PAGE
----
Budget Guide to Norway
Fjords, crashing oceans and northern lights, Norway is undoubtedly one of the most diverse adventure locations in Europe.
That said, it is also known to be one of the most expensive in Europe. Everything from the beer to public transport is more expensive than most other places in Europe.
Here are some typical costs for Norway in 2018:
- B&B: 50€ per person night in a twin room
- Bed in a dorm room in a Hostel: 30€ per night
- 2 Bedroom rural cabin: 100€ per night
- Public ferry ride: 20€ per ride
- Restaurant meals: 15-25€ for a main course
- Local beer in a restaurant: 10€
- Local beer in a supermarket: 5€
- Domestic flight: 50-100€
- 5L bottle of water: get it from the tap – drinkable & free
- Island-hopping: 20-30€
- Northern lights tour: 100€ with a guide or free independently
That said, there are ways to avoid costs in Norway without sacrificing the experience.
Did you ever think you couldn’t afford Norway? Here are some budget tips that I picked up to make Norway an affordable destination!
Stay for free: you can camp anywhere in Norway providing it is within 150m of the nearest cabin. This enables you to be spontaneous, live wild and enjoy Norway at its best.
B&B or Hostels: this is a great way to sleep on a budget – especially in winter. There are however no B&Bs or Hostels in remote areas of Norway; therefore camping or self catering could be your only choice here. The only down side to a B&B or a hostel is that you have to find somewhere to eat, which can be very expensive in Norway, so self catering is a budget alternative.
Self catering: this is always the cheaper option and even more cost efficient when travelling in a group. There are limited numbers of self catering cabins in rural areas of Norway, but it is a great option to enable you to explore in summer and winter on a budget (albeit, camping is the ultimate budget option here!).
Food in a restaurant could set you back around 15-20€ for a pizza and 10-12€ for a beer. If you are staying in a remote location then your restaurant options will be limited, so self catering might be your only option. The food in a supermarket is more expensive than in central Europe, but there are ways that you can avoid those additional costs.
Bring a reusable water bottle and fill up – the tap water in Norway is drinkable and free!
Where to get food
- Supermarkets budget alternative: a loaf of branded bread in northern Noway could set you back as much as 5€, but the supermarkets budget alternative could be half the cost. Some argue that the budget alternative doesn’t taste as nice, but if you’re on a budget then who cares!?
- Bring your own food: if you have extra luggage allowance, then you could bring your own food. On our last trip to the island of Senja, we had an extra 20kg baggage allowance which we filled with cereal, dried beans, raw brownie bars, tins of sweetcorn and produce that would last longer like carrots and cauliflower, which upon arrival we turned to soup. We then used the supermarkets to buy fresh things like milk and cheese.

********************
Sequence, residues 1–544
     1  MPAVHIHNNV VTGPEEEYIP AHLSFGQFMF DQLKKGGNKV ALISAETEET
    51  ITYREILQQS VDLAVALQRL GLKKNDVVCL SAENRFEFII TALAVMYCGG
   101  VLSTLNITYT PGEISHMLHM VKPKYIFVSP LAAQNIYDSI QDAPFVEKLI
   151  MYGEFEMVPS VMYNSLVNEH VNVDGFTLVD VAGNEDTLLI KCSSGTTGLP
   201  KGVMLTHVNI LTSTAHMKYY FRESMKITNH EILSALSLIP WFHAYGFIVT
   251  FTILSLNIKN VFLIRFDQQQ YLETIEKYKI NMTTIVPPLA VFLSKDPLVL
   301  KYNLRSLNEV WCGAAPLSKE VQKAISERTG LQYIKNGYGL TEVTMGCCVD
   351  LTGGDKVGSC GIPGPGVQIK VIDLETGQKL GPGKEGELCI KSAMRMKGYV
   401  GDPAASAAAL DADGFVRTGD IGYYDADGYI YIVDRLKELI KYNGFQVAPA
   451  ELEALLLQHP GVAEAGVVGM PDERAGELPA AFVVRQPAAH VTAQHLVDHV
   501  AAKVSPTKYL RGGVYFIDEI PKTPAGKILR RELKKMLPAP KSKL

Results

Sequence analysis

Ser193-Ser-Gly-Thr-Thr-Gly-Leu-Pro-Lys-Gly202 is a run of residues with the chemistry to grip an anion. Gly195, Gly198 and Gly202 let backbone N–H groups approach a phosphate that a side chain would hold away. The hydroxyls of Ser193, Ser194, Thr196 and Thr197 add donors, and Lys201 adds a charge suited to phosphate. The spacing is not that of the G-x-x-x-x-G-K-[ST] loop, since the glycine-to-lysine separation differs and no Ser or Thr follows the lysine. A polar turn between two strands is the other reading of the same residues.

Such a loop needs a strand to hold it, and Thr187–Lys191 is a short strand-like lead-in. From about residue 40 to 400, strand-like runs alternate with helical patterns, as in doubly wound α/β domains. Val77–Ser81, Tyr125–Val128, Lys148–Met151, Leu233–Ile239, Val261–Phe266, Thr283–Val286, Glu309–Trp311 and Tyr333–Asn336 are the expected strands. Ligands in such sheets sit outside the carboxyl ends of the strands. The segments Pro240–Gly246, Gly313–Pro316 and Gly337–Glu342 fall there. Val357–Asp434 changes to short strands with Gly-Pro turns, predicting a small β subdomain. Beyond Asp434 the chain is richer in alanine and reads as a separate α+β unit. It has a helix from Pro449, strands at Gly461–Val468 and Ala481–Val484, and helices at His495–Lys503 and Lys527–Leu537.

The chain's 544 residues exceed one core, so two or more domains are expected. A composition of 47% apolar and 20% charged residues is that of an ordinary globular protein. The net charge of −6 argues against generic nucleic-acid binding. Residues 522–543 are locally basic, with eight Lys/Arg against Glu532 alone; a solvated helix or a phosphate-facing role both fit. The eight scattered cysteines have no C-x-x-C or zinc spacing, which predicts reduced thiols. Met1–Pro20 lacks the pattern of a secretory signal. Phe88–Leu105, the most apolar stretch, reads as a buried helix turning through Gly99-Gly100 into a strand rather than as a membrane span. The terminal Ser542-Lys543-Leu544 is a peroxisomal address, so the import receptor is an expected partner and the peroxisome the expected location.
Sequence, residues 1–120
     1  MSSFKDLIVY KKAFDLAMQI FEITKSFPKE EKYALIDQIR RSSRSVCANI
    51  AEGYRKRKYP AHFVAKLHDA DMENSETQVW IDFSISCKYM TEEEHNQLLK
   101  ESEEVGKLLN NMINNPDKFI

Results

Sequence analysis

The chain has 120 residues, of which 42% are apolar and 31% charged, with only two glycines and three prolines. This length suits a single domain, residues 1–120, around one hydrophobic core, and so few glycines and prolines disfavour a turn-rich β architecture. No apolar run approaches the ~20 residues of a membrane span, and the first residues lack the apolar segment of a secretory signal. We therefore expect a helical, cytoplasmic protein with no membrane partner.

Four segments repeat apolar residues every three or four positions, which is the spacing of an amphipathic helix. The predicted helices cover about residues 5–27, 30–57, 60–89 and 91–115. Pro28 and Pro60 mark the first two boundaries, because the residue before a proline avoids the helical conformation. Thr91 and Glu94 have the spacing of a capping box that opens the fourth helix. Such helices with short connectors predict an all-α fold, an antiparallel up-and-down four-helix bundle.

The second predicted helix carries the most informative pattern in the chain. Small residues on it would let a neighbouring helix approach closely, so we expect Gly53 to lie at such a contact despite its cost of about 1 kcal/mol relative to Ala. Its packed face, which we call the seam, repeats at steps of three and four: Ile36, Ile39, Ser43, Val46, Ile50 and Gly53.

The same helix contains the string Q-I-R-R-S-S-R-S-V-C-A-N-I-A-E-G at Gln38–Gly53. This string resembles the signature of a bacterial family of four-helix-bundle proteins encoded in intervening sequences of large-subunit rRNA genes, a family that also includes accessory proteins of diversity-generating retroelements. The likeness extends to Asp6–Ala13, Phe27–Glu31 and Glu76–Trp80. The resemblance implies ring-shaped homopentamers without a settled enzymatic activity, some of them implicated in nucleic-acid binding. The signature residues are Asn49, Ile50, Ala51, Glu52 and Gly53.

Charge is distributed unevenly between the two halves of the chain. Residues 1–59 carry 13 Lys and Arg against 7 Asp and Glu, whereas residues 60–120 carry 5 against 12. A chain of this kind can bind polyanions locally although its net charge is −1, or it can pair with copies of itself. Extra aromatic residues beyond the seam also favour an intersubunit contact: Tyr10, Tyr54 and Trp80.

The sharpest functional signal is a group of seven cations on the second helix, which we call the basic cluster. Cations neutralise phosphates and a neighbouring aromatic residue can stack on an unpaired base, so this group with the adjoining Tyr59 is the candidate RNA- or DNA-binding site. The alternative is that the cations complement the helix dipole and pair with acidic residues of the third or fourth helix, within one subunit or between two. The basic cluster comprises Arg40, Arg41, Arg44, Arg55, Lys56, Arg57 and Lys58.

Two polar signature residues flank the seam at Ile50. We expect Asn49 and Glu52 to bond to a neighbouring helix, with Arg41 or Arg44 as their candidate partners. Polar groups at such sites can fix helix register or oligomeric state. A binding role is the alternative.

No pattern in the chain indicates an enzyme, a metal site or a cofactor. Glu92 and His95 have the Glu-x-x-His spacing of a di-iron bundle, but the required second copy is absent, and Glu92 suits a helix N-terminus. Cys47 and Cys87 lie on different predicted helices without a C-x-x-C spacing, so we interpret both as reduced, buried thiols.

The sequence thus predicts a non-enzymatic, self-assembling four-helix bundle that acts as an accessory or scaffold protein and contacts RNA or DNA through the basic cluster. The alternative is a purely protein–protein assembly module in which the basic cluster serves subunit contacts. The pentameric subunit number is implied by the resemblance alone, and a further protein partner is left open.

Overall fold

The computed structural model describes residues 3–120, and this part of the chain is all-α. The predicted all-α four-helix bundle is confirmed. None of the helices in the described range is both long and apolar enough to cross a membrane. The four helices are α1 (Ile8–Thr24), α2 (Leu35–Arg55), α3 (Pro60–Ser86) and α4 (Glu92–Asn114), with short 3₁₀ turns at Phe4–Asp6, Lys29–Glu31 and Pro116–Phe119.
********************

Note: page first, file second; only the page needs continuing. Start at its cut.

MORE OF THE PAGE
- Camping? Then you can bring your own camping foodie options which will automatically keep the costs down.
If you’re staying in a B&B or a hostel, you could always take a gas stove and rehydrate food sachets. Then pick up a gas canister when you land and then cook your food while out and about.
Some hotels, especially in the city will offer half board. If you’re staying in Oslo, this can be the cheapest option – shop around. We found an offer at the Thon Hotel Terminus directly in the centre of Oslo for 54€ per person per night half board. We ate a large late breakfast and then that was enough to go through until the meal in the evening. Drinks usually aren’t included, but remember that tap water is free!
When you’re out and about, prepare your own lunch, drinks and a flask of tea (or coffee).
If you are flying into northern Norway via Oslo, then there is the option to buy duty free alcohol. We bought a 6 pack of local beer for 5€ (compared to 5€ for 1 can of beer in a supermarket or 10€ in a restaurant).
When flying domestic in Norway (as of 2018), each person is allowed 1 litre of spirits, 3 litres of wine (4 bottles) and 2 litres of beer (6 x 0.33 l)
A rental car in Norway will give you absolute freedom and the ability to see things for the cost of the rental and fuel.
We paid around 33€ per day for a Nissan Qashqai in Tromso. If you take a northern lights chase tour, it will cost you around 100€ per person (including hot drinks, a thermal suit, biscuits and photos from the trip). We used our car through the day to see local areas and on an evening to see the northern lights. If you are looking to get out of your accommodation, then a rental car is a cost effective way to see Norway.
Damage Waivers for Rental Vehicles
When renting a vehicle, there is always the possibility that it could be damaged or stolen. In this case, you’ll be liable to pay the damage excess. This is similar to the excess you’d pay on your own car insurance if your car is damaged or stolen. This can be anywhere from 200 – 1500€.
At the car rental desk, they’ll ask if you’d like to purchase a “damage waiver” insurance, which means you won’t be liable for the excess if the car is damaged or stolen.
Be aware that you can purchase this type of insurance online.
I paid around 50€ for an annual European Union policy. The car rental company wanted to charge me 14€ per day (140€ for the 10 day rental!). As you can see, it is worth taking out an external policy. I used Insurance 4 Car Hire, but shop around for the best deal.